- Mechanics: Spelling/Grammar/Clarity/Style
How is your spelling, grammar, and punctuation? If you proofread your work or can get someone else to do it, these should be easy points. Do you use the right words at the right times? Do you successfully employ rhetorical techniques to intrigue your reader and express yourself in interesting ways (without sacrificing clarity)? Is there personality in your writing?

- Thesis
Is your thesis clearly stated? Does it appropriately respond to the assignment? Have you demonstrated why we should care about this claim? Donat forget to refer to this thesis throughout the essay so that your reader never loses sight of it, and confirm your thesis in the conclusion.
- Argument with supporting evidence
Do you support your claims with convincing evidence? Is there enough of it? Are you anticipating objectionsa at least the obvious ones? Is the evidence you provide to support your claim tailored to the appropriate audience? Usually you can think of your audience as an intelligent friend who has almost no prior knowledge of your subject matter. Anything that would not be deemed common knowledge should be explained. When in doubt, play it safe and define terms or summarize important background information. But do remember too that I am your audience, and if Iave told you to include specific kinds of evidence, I will be looking for it.

How to write a Classics Paper
a? Tone is important. Avoid slang, idiom, profanity, and the like.
a? Spelling, punctuation, and grammar matter. Proofread!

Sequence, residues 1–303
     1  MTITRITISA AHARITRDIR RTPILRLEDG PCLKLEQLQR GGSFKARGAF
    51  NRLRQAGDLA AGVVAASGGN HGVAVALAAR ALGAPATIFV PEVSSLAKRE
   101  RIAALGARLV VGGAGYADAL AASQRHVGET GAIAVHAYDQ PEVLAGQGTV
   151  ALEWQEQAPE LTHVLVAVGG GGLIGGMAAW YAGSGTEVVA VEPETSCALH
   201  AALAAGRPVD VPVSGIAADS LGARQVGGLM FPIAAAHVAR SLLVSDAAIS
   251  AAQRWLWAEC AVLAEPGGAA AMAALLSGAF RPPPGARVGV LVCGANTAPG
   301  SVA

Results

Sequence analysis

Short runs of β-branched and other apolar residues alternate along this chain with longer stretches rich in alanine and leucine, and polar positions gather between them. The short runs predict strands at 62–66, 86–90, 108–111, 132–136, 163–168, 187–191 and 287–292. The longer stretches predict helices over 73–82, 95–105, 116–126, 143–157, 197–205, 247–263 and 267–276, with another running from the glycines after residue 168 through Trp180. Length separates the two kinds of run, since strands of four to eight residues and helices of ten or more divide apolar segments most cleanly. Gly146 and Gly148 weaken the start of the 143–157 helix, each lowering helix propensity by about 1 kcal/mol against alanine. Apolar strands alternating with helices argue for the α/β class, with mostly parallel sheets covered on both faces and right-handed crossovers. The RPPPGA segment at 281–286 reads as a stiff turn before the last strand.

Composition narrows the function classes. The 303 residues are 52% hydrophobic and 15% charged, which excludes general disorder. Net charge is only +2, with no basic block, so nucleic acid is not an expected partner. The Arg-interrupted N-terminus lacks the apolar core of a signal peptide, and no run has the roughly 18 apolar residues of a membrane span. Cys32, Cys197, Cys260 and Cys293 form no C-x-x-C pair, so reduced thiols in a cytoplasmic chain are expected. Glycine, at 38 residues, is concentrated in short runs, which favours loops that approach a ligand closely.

a? Avoid at all costs a paper that is primarily summary!! I cannot stress this enough. If you spend more than one sentence telling me what bit of the reading youre using to support a point, you may be simply restating the text. Assume I have read the reading as well, and dont explain whats in it beyond the relevant bits.
Your essay must have a thesis a that is, an idea about the text that you want to convince people to agree with. This should take the form of a sentence (no more than 2) and be placed near the end of your opening paragraph.
a? Stay within the parameters of the topic assigned.
a? Dont state the obvious. Its too easy to prove Achilles is a man, or the sky is blue.
a? Pick something that you can use the text to prove.

Example Theses:
a? Because Achilles could choose his fate, he was more angry than other people when things went wrong.
a? In the Iliad Hector is not the main antagonist, but an innocent victim.
a? Patroclus secretly envied Achilles, and this is why he went into battle in Achilles armor.
All of these are not obvious, but can be proven by using the text. Also, theyre short, to the point, and interesting.